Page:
Koda Bear did not even ask for jam.  Butter please!


baklava cookies

When I get bored, and there is no concentration left, I will head over to pinterest.  It is a good place to get ideas and inspiration.  It never helps my concentration though!  

I have been finding less recipes that I wish to make posted though.  Unless I am doing searches.  But I came across this one, baklava cookies.  Baklava is a favourite thing.  But I have never made it and I do not have the urge.  Miss Amy makes really good baklava and she usually brings some over at Christmas so that feeds a lot of cravings.  Outside of the holiday season, the are good middle eastern restaurants and delis in the area that have good baklava.  I just do not want to deal with phyillo dough.  But cookies?  I can do cookies.

The flavour of these are spot on.  The recipe called for store bought cookie dough but I used the snickerdoodle cookie recipe from Flour by Joanne Chang.  If I were making the snickerdoodles, I would tweak the cinnamon sugar mixture but the dough is a perfect carrier for the flavours of cinnamon, honey, and walnut.  I actually got asked to make these again this weekend.  The boyos want to take some on their travels.

I am getting quiet! Okay, so I still have to go to work but quiet otherwise!  I am excited.

baklava cookies

Note:  I took the ideas from pinterest and the snickerdoodle recipe from Flour.  I also cut the recipe in half.  

1/2 cup butter

3/4 cup sugar

1 egg

1 1/4 cup all purpose flour

1/2 teaspoon baking soda

1/8 teaspoon salt

1 teaspoon cream of tartar

2 tablespoons butter

1/4 cup powdered sugar

1 1/2 tablespoons honey

3/8 cup (6 tablespoons) finely chopped walnuts

1/8 teaspoon cinnamon

Cream the 3/4 cup sugar and 1/2 cup butter together.  Mix in the egg.  Mix in the flour, baking soda, salt, and cream of tartar.  Refrigerate 3 to 4 hours or overnight if you can.  I am the first to admit that I usually do not refrigerate.


In a small saucepan, melt 2 tablespoons butter, powdered sugar, honey, and cinnamon together.  When it is melted, mix in the walnuts.  Let cool to room temperature.

Preheat oven to 350 degrees Fahrenheit.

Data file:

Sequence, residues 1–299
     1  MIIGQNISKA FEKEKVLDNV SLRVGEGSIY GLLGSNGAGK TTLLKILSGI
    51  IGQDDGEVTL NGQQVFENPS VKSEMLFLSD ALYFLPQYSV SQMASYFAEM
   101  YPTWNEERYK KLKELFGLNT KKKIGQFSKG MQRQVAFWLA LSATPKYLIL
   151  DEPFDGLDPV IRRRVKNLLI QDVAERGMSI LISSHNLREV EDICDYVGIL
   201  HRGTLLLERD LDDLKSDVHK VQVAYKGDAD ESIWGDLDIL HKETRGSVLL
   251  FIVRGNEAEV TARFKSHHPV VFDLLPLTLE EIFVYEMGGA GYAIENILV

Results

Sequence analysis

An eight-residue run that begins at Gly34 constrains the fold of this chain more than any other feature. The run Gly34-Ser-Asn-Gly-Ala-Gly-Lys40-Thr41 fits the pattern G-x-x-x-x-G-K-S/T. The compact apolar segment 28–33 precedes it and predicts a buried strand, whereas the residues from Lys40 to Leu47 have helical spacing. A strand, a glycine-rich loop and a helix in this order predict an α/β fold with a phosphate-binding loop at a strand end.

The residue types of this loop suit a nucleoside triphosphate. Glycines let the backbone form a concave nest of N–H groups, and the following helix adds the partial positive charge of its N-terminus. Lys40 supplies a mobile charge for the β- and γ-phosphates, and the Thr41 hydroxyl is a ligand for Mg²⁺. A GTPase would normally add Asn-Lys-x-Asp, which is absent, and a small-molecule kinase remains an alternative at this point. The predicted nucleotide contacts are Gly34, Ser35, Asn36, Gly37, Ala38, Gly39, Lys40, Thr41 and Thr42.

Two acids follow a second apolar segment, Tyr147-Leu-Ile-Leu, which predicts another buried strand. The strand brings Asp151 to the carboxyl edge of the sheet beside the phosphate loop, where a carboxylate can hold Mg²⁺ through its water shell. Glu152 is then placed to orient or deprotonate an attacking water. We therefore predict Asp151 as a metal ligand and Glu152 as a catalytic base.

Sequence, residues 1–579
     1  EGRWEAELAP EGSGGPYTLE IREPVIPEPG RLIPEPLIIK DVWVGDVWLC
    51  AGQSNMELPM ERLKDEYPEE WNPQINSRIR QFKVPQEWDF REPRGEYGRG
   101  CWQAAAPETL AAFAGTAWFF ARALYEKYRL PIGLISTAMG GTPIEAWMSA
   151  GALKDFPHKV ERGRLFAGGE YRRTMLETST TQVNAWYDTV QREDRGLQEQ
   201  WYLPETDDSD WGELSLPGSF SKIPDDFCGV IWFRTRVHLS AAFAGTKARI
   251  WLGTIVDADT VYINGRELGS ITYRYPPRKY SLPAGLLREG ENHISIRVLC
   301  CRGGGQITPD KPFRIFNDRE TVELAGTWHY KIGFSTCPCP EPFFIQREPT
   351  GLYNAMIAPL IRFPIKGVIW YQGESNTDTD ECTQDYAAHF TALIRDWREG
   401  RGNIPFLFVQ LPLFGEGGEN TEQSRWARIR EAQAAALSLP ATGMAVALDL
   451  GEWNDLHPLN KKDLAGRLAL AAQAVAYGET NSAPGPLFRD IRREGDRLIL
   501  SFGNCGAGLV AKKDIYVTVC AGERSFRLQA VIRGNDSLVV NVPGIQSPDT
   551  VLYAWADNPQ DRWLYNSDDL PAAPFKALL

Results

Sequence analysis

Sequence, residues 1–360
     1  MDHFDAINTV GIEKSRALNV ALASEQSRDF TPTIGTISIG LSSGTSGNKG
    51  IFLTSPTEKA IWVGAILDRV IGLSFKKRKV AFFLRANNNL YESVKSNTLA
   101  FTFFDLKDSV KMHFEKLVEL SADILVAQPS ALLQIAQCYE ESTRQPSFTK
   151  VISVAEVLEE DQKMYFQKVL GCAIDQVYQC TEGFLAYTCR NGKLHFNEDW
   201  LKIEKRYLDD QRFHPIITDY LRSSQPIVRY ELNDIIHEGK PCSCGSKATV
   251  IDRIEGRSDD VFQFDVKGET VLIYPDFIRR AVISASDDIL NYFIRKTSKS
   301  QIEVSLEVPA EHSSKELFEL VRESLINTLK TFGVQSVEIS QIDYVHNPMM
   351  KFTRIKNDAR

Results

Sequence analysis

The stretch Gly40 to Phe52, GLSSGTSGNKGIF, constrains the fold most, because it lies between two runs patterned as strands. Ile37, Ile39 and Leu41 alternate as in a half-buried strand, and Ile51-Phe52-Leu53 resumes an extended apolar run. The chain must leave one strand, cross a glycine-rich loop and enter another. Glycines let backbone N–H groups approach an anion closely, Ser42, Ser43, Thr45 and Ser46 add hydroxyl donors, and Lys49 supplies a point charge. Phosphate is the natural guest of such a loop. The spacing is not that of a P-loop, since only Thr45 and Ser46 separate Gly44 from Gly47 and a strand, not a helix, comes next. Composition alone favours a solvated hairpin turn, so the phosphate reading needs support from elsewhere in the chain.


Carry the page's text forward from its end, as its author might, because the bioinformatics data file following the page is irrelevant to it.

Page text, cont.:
Line baking sheets with silpat or parchment paper.  Take the dough from the refrigerator.  Roll a teaspoon of dough into about an one inch ball.  Place on the baking sheet, about two inches from the next ball.  I was able to fit twelve on my baking sheet.

Bake for 8 minutes.

Take the partially baked cookies from the oven.  Drop about a half teaspoon of the walnut mixture on top of the partially baked cookie.  Depending on the size of the cookie you made, it may be closer to 1/4 teaspoon.  Though I am told that the candied edges of the walnut mixture running down the cookie are a large draw.

Return to the oven and bake for three more minutes.

Remove and let sit at least five minutes or more before trying to remove from the baking sheet.

So good!  I can only eat two at a sitting.  My Beloved and Miss Amy both agree they could eat the whole batch at a sitting.

Just be aware that control may be an issue.


blues and creams

I got another nine square quilt laid out.  It was made with a pile of half yards from a quilt store in Bellingham.  Now if I could just remember its name.  I can remember how to get there which is really what counts.  Two Thimble Quilt Shop.  That is what it is.  I looked it up.

I am pleased.

I have to admit that I have recipes to share but no words or concentration.  I think the stress at work is catching up with me.  Plus there was company tonight and there will be company tomorrow night.  I just want to be a hermit.  Quiet.  Less motion.  Unless of course I am riding a board or traveling.  Have tent and kettle, will travel.

I will have quiet next week.  Maybe more words too!